- Lawmakers in South Korea’s National Assembly passed amendments to the country’s Telecommunications Business Act on Tuesday requiring app-store owners like Google and Apple to give developers a free choice of payment providers, opening the door for developers like Epic Games to collect payments directly from customers. The right to collect in-app payments is at the root of legal battles in the US and in other jurisdictions. The most notable example is perhaps the Epic Games vs. Apple legal battle that captivated the Silicon Valley press corp a few months back. We’re still waiting for the judge in that case to issue a ruling. Whatever the American judge decides, the new law in South Korea will likely eat into Apple’s and Google’s profits for the Asian nation, which admittedly makes up a tiny sliver of their overall earnings. The bill will become a law when it’s signed by South Korea President Moon Jae-in, whose party supported the legislation.
- A former ISIS militant, awaiting trial in Russia, claims he had been recruited by UK agents to spy on the terrorist group. The man told RT he ended up fighting in the terrorists’ ranks, allegedly, after being abandoned in Syria. Azamat Ayvazov, 33, who is in a pre-trial facility in Russia’s southern republic of Dagestan, claims that ending up in the ranks of the notorious terrorist group was never his intention, and instead holds himself to be a victim of “geopolitical games.” Ayvazov left Russia some 10 years ago, gaining refugee status in the UK. Following the 2015 Charlie Hebdo attack, he ended up on the radar of the British secret services, as they allegedly screened “Muslim-looking” individuals.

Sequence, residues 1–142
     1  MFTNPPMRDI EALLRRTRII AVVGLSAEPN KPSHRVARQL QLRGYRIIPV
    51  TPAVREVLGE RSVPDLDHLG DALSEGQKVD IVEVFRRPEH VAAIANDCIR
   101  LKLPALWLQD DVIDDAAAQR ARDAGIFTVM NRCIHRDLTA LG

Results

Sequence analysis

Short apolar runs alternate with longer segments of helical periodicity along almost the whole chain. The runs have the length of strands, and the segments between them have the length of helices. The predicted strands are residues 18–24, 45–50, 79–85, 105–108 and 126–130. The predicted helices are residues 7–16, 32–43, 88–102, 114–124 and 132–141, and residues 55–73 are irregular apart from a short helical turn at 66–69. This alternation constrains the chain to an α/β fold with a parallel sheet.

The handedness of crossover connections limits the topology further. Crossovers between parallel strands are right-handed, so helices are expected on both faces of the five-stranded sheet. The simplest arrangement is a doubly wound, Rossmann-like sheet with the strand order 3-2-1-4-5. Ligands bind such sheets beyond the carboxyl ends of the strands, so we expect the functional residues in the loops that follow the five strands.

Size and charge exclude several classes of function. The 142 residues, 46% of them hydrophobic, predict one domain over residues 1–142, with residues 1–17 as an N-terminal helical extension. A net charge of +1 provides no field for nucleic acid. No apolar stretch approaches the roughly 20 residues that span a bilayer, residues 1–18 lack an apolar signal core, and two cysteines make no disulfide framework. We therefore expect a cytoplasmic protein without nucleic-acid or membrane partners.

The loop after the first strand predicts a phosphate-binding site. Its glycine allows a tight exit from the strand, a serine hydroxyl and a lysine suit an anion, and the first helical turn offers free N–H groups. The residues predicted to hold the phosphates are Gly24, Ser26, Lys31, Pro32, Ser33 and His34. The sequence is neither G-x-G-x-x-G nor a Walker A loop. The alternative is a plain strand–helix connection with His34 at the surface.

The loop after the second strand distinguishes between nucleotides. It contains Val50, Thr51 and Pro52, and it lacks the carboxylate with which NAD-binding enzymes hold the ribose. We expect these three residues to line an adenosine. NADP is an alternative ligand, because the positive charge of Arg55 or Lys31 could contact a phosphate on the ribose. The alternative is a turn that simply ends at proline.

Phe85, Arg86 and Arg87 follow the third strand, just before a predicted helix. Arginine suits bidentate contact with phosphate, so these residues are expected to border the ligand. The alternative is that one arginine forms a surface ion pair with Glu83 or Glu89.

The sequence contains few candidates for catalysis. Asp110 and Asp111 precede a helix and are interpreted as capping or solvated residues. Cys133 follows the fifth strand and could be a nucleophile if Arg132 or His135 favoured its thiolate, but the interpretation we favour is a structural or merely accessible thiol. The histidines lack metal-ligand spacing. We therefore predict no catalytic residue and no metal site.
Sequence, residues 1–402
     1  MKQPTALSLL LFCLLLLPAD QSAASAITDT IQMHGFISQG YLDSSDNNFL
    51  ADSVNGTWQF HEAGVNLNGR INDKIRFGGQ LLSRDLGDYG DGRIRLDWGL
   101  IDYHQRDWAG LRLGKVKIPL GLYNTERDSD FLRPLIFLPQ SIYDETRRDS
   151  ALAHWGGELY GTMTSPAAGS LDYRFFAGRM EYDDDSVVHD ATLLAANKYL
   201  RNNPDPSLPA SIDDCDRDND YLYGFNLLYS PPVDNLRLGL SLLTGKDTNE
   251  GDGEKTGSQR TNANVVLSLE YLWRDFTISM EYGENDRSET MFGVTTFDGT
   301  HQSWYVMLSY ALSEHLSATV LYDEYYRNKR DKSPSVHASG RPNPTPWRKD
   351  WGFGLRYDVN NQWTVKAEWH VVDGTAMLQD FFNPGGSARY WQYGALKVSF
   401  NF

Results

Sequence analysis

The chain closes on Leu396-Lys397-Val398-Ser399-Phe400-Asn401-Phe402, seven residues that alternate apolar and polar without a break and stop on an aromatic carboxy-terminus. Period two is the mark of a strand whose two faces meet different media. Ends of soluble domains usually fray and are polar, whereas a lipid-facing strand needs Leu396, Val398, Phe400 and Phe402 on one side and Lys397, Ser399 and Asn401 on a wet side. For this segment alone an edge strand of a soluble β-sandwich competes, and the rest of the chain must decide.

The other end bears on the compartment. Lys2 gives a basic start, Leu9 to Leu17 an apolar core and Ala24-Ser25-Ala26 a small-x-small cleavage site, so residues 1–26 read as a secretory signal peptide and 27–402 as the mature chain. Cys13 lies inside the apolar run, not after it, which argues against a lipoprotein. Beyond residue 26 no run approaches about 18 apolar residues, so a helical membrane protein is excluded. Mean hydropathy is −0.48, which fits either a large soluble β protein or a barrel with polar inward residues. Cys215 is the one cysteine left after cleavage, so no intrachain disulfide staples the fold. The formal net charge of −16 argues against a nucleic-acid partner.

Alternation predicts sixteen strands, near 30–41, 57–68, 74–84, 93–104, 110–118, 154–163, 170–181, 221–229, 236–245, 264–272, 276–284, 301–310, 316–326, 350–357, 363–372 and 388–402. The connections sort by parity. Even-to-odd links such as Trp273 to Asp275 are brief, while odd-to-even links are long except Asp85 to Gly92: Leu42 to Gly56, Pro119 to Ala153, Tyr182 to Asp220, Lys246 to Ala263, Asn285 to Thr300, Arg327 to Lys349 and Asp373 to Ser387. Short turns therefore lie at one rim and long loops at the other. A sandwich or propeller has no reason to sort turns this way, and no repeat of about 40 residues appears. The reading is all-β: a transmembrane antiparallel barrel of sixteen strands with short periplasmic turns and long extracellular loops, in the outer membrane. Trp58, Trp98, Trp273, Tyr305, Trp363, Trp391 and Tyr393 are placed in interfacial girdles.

- “The War in Afghanistan is ending the way it started: with a totally fake concern for women’s rights”, tweeted Alan MacLeod, a British journalist and a member of the Glasgow University Media Group. In his 9 April 2021 article for media watchdog FAIR, MacLeod suggested media coverage of the military operation could at least partially explain the US public support for the invasion. At the time, the American mainstream media had focused not only on retaliation for the 9/11 tragedy, but also proclaimed the Afghanistan War a struggle for women’s rights, he pointed out.
- Last month in Honolulu, Hawaii, Microensian President David Panuelo held high-level defense talks with US Navy Adm. John C. Aquilino, commander of US Indo-Pacific Command (INDOPACOM) about “the United States’ broader defense and force posture in the Pacific,” among other topics.
- The Norwegian Directorate of Education has argued that the distribution of Bibles, other religious writings, books, or objects as gifts at Norwegian schools may be contrary to the Education Act and asked municipalities to stop the practice. The rule change comes on behalf of the Norwegian Humanist Association, which asked the directorate to make a statement on the issue, calling it “social pressure”. “In those cases where Bibles or other religious texts are needed in the teaching, you can solve it easily by using a class set – not by letting missionaries into the classroom”, the organisation’s leader Lars-Petter Helgestad told national broadcaster NRK.